Lowballing on an overpriced house, worried we will lose it if they open it to more offers

Asked by Bourbon Baby, Louisville, KY Thu May 29, 2008

yet to finish) and have since decided to lower their price, to increase thier offers. They are hesitant to negotiate with us because the house gets a lot of activity and think they can get more than what we are willing to pay. They are not too far off from what we have budgeted, only $5000. While we don't want to lose the house, we also don't want to overpay. How do we secure ourselves with these sellers and hope they continue to entertain our offer without going to shop around for more offers. (the house has only been on the market for 3 weeks)

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Joe Hayden’s answer
Joe Hayden, Agent, Louisville, KY
Thu May 29, 2008
Hi Carrie...What is your point of reference for determining the home is over-priced? Your sellers could possibly be using valid market data to determine a pricing scheme and have confidence they are going to get it with a little time. It seems odd they would drop the price after only a few weeks, though. Are you sure that your number is a fair offer, or do you think your budgetary concerns are clouding your judgment? If you really want/need the house, it is okay to pay a small percentage more than you think is a fair offer if you intend to remain in the home for enough time, but if you are certain that it is a bad investment to pay their price and it would have a negative affect on your budget, then walk away. There are more to choose from...
1 vote
Susan Wesely, , Saint Paul, MN
Wed Jul 16, 2008
If you are getting a mortgage, you won't likely overpay - the house has to appraise for at least the mortgage! If the property really is still overpriced at only $5000 more than your offer, I would worry about whether you will be able to get financing. If it's reasonable at the lowered price, can you take another look at your budget? Are you open to a counter offer, perhaps consideroing some of the suggestions offered by Virginia? If so, that should be communicated through your Realtors.
0 votes
Brenda Miley, Agent, Munster, IN
Wed Jul 16, 2008
Carrie, with the help of an astute REALTOR, you should be able to determine if the property is "really" overpriced. The fact that the home is $5000 over what you would like to pay, is not concrete proof that the home is priced too high. Maybe, because it is nicer than other homes you have seen is justification for the price. I agree that if you and your husband agree that you love this place, than sit down with your agent to decide if the price the seller is asking is appropriate. I have seen buyers lose the house of their dreams, and then later, nothing else measures up. Don't fall into that trap!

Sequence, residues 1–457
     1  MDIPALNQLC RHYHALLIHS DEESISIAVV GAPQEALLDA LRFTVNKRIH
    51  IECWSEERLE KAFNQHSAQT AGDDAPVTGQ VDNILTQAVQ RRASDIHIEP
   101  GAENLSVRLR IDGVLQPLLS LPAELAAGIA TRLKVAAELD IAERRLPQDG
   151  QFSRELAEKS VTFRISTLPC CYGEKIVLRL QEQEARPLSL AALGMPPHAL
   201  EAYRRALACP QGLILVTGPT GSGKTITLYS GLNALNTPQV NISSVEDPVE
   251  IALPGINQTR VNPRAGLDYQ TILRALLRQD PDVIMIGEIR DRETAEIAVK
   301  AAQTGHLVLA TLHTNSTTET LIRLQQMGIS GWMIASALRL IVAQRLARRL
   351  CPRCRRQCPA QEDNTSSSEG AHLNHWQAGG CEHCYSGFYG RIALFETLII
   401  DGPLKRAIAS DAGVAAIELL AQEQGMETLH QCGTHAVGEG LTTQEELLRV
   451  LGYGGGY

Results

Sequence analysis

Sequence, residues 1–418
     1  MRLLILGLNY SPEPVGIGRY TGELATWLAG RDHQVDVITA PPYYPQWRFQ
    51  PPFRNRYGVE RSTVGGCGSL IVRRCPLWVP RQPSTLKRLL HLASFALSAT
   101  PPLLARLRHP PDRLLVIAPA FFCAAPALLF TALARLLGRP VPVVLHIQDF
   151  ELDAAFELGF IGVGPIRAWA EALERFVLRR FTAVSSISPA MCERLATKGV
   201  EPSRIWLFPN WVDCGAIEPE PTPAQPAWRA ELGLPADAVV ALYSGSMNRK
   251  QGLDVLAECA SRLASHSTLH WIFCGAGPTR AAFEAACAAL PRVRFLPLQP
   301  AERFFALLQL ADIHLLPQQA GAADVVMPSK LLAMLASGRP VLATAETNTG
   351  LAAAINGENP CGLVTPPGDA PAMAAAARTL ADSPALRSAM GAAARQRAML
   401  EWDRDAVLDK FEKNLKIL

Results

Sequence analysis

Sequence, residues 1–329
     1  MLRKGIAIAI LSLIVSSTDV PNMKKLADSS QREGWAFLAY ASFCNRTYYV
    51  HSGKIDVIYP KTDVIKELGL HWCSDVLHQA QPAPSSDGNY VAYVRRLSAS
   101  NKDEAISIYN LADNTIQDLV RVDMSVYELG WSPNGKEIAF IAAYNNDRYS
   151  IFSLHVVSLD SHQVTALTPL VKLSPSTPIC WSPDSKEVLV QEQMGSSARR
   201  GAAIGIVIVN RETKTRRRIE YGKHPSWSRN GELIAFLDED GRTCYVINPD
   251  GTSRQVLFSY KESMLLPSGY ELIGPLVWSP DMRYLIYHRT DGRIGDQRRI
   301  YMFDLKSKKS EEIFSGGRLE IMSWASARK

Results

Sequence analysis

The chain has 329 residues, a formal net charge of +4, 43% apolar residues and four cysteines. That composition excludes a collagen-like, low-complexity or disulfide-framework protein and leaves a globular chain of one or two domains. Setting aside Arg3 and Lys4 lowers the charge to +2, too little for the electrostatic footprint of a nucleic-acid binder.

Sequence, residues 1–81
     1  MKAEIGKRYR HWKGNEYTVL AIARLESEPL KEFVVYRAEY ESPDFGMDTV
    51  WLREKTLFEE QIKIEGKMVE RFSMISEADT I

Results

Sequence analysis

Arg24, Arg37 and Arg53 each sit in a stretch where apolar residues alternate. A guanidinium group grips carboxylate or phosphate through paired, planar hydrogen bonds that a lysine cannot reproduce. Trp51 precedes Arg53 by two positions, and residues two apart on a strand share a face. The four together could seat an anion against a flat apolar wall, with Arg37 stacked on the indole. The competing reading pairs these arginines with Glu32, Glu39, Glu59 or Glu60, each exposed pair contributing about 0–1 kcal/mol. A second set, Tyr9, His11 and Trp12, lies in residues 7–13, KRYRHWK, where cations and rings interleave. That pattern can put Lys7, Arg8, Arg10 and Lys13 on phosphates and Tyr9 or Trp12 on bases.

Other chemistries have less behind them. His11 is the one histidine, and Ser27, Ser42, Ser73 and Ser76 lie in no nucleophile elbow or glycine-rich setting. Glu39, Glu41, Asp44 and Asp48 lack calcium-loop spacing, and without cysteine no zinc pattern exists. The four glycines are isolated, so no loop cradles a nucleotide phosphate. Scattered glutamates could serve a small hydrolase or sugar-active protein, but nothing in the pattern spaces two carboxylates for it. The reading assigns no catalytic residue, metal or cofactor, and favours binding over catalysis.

0 votes
Virginia Gar…, Agent, Louisville, KY
Wed Jun 11, 2008
Dear Homebuyer,
You and the market determine what a house is worth. $5000 is about a difference of $35 a month in mortgage payment. If you like the property I would not let it get away unless you know that your time there will be short. If you know based on market comparables it's too high you may want to walk.
BUT remember there are more terms than PRICE in the negotiation process. The sellers may be nervous to have an offer so quickly and it may not be the price that's the sticking point. Have your agent determine what kind of closiig date and possession date would be beneficial to the seller. Somtimes being flexible on these issues can save you money. Has the seller found another place to live? Maybe they need time to finish a house they are building can you close and rent to them for a few months, maybe you can delay closing a few extra weeks? Maybe they need to be out of town by the end of the month can you close fast and take possession quickly. Is there a brand new fridge in the house that you asked for that you would be willing for them to take with them? You see where I'm going with this. There are lots of ways to write your offer to benefit the seller besides price and if you are in a position to be flexible and offer terms they may not get from another buyer they may be willing to accept a lower price. Of course is goes with out saying that you should have you financing lined up and supply them a preapproval letter so they know you are serious and credit worthy. Good Luck1
0 votes
Jody Siegel, , Monmouth Junction, NJ
Thu May 29, 2008
Dear Home Buyer:
Do you love the house? Have you discussed the marketplace with your realtor to determine whether the home is listed fairly? If both of your answers are "yes" then, I would wonder why you would risk losing a home that you both love and is within your budget. When I write contracts for my buyers, if they are making a full price offer, I write in that "buyer requests that the home not be shown during attorney review period". That does not mean that anyone who has already seen the house can't give an offer but new buyers won't be able to see the home. Even in this market the good houses that are priced well go!!!
Good luck to you,
Jody Siegel
0 votes
Gene Gillenw…, , 98382
Thu May 29, 2008
Lowball offers are common in this market. They are a good way to start the negotiation process. If the home is on the market they are already open to more offers. The seller doesn't want to lose you either, unless they are in a multiple offer situation. Your agent is the key to making this offer become a contract. He/She should be able to find out if there are multiple offers. Another key is the time period before your offer expires. The longer the time period the greater the possibility that the seller will receive another offer. There is an old adage in real estate, "if you are interested in a property then someone else is." Consult with your agent he/she is your best asset through the negotiation process.
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